You guys ever hear of a game called Robocraft? OMG, that game is so awesome! It’s free to play on Steam and It’s like they reached into the mind of every nine-year-old boy in the world and created a game specifically for them. Basically, it’s like World of Tanks, save that you use blocks to build your very own vehicle of destruction! And since I lived on Legos and old books on military weapons, I’m doing very well in that game. In fact, I’m crushing it. I’m routinely the best player on the team, and it feels good to be on top again. I haven’t been this good as something since my old Lord of the Rings: Battle for Middle Earth 2 days. Needless to say, it’s hard to pry myself from that game, but duty calls, as they say.
So, where were we yesterday? Ah, yes. We decided to self publish. I know little about the trade publishing side after an agent accepts a person and offers representation, so we’ll stick with self publishing. Now, what follows are the things that I’m gonna try and the things that other, very successful people have said to me. Whether it works or not, time will just tell.
So, it’s pretty easy, but there’s a lot of nuance to self publishing. Of all the things a writer needs to consider, the following list is how I rank them, based on my own research. Someone will probably come in and say that’s wrong. And it might very well be. But, like I said, this is how I’m doing it.
The most important thing to have is a good story. We’re dealing with fiction here, FYI. It’s my belief that a good story will sell, despite all of the other things. However, we’re not going for just one good book, but several. This is our job. It’s fine if you wanna write one story and have a few pennies. However, remember that Dodge Viper I need (want) to get? One story isn’t gonna cut it. So, we need a series. A good series.
The next most important thing is to regularly publish those good quality stories. Regularity will keep you relevant. It lessens the chance readers will forget about you and keep your name appearing during searches. I’ve heard anywhere between publishing every four months and every two months is great. Me? I’m going for three, just to see what it’s like. I may push closer to two in the future, especially when I get an editor, but until then, it’s every three.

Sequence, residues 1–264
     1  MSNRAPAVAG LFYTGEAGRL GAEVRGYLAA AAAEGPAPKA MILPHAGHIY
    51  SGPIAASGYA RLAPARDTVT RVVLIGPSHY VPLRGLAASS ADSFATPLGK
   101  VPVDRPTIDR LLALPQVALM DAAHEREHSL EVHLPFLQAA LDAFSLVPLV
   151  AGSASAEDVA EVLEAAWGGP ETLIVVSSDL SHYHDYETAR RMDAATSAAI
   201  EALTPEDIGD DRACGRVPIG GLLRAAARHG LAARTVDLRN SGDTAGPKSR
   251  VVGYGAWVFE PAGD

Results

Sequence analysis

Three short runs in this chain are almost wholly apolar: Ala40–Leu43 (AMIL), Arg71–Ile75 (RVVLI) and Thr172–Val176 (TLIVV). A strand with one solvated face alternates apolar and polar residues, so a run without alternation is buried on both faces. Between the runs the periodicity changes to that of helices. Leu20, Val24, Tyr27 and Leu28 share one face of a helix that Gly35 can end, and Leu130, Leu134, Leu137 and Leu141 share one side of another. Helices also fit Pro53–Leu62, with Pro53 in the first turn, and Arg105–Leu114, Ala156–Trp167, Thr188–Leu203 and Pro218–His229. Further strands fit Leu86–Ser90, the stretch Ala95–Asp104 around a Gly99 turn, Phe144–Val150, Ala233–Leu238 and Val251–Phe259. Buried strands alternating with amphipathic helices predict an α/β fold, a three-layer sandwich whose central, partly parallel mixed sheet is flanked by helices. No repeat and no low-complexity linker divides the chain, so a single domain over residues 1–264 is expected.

Speaking of editing. I would actually rank that below a cover, in terms of what’s next. Though you could lump the cover, keywords, blurb, description and editing as the final piece of the triforce of publishing. Unfortunately, this is usually where authors struggle, because two of these, the cover and editing, cost money.
Like I’ve said before, my budget is exactly zero dollars. In fact, I’m over budget by about 30 bucks, considering I printed out my manuscript to give it a read. I married an artist, so that takes care of the cover. But a lot of you probably aren’t as fortunate as I was in that regard. You could go with the cover creator offered by Kindle, but it honestly looks pretty lame. Getting a decent cover is gonna cost a little bit, but thankfully, there are some very cheap options. Fiverr.com is a really good place to check out. And you could get a decent cover for exactly that. Five dollars. In most cases, you have to supply the stock images, so either find some public domain images (not recommended as seeing other book covers with your stock image would suck) shell out for some from places like iStock or go and grab your camera. If you can wait out fifty or so dollars for a cover, go for it. Why didn’t I just do that then, I hear you all ask. Well, it’d take a professional cover to match the degree of mine, personally. And those can run several hundred dollars. But drop fifty bucks on Fiverr.com and see where it gets you.
Next, editing. I don’t consider this very important, as long as you have a firm grasp of grammar and don’t rely on spell check alone to do the job. I used to suck real bad at editing my stuff. It’s a side effect of typing so fast. I’m really fast at writing, but my original manuscript is sloppy beyond compare. I also spell a lot of words correctly, but my mind plugs them in random places. For example, typing that last sentence, I spelled “them” as “then” which spell check wouldn’t have picked up. Thankfully, my freelance career has taught me better editing skills, but I still suck at it. So it have to reread my manuscript a lot. Editing is one of those things that, if you can swing it, go for it. But get a professional. I’ve recently come across many manuscripts with terrible, horrible usage, all of them proudly boasting that this was edited by “insert editor’s name here.” Don’t be that guy/gal.
That’s it as far as what’s required. Now, how do you put them together? If you’re like me, and starting with zero dollars, you have your new business (yes, it’s a business now. Treat it like one) feed itself. My plan is to publish the first two books. When the third hits, I hope to have enough for some ad space somewhere. There are free places to advertise your books and paid places. Bookbub is by far the best paid place, hands down. But they want slightly more than 100 bucks to run a Y/A ad. And even then, they have to approve you, so you might not get in.
Anyway, after the third book, the first book will be marked down permanently to cost zero dollars. Hopefully, that’ll really draw in the readers, and by books four and five, I’ll have made a few bucks and can hire an editor. At that point, Godspeed will be done (Maybe. I like Sharon, and I may want to keep writing about her) and I can start my next series. After a few of those, we should be good over here. To help in this endeavor, I suggest a mailing list of some kind. Include it, along with a link to your other works in each book you write. This is called the “slow building” method. Or something like that. Anyway, that’s what I’m gonna try and pull off. Wish me luck! And I’ll catch you guys next time!